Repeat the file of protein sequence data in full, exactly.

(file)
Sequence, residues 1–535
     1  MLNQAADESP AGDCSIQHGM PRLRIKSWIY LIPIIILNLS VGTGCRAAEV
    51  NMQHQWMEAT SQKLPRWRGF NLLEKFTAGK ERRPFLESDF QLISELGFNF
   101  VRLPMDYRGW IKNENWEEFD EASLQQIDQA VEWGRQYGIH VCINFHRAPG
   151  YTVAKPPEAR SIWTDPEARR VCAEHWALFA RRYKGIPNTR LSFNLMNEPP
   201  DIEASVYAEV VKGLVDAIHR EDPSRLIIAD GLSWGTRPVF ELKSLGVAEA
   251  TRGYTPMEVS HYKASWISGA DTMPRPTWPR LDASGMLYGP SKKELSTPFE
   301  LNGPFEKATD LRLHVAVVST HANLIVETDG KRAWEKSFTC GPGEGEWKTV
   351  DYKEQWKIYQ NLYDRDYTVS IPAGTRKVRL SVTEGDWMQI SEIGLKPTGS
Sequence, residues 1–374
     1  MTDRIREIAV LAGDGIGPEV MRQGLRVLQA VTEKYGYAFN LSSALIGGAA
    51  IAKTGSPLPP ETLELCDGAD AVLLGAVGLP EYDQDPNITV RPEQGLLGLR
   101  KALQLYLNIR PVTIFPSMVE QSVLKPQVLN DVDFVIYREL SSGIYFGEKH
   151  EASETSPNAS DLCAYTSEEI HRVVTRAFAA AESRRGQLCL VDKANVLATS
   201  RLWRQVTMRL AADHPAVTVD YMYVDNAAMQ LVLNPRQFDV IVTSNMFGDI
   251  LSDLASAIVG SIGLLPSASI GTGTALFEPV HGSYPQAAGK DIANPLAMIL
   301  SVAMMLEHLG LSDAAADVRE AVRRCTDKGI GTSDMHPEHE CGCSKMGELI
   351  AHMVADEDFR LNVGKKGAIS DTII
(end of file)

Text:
Sequence, residues 1–535
     1  MLNQAADESP AGDCSIQHGM PRLRIKSWIY LIPIIILNLS VGTGCRAAEV
    51  NMQHQWMEAT SQKLPRWRGF NLLEKFTAGK ERRPFLESDF QLISELGFNF
   101  VRLPMDYRGW IKNENWEEFD EASLQQIDQA VEWGRQYGIH VCINFHRAPG
   151  YTVAKPPEAR SIWTDPEARR VCAEHWALFA RRYKGIPNTR LSFNLMNEPP
   201  DIEASVYAEV VKGLVDAIHR EDPSRLIIAD GLSWGTRPVF ELKSLGVAEA
   251  TRGYTPMEVS HYKASWISGA DTMPRPTWPR LDASGMLYGP SKKELSTPFE
   301  LNGPFEKATD LRLHVAVVST HANLIVETDG KRAWEKSFTC GPGEGEWKTV
   351  DYKEQWKIYQ NLYDRDYTVS IPAGTRKVRL SVTEGDWMQI SEIGLKPTGS
Sequence, residues 1–374
     1  MTDRIREIAV LAGDGIGPEV MRQGLRVLQA VTEKYGYAFN LSSALIGGAA
    51  IAKTGSPLPP ETLELCDGAD AVLLGAVGLP EYDQDPNITV RPEQGLLGLR
   101  KALQLYLNIR PVTIFPSMVE QSVLKPQVLN DVDFVIYREL SSGIYFGEKH
   151  EASETSPNAS DLCAYTSEEI HRVVTRAFAA AESRRGQLCL VDKANVLATS
   201  RLWRQVTMRL AADHPAVTVD YMYVDNAAMQ LVLNPRQFDV IVTSNMFGDI
   251  LSDLASAIVG SIGLLPSASI GTGTALFEPV HGSYPQAAGK DIANPLAMIL
   301  SVAMMLEHLG LSDAAADVRE AVRRCTDKGI GTSDMHPEHE CGCSKMGELI
   351  AHMVADEDFR LNVGKKGAIS DTII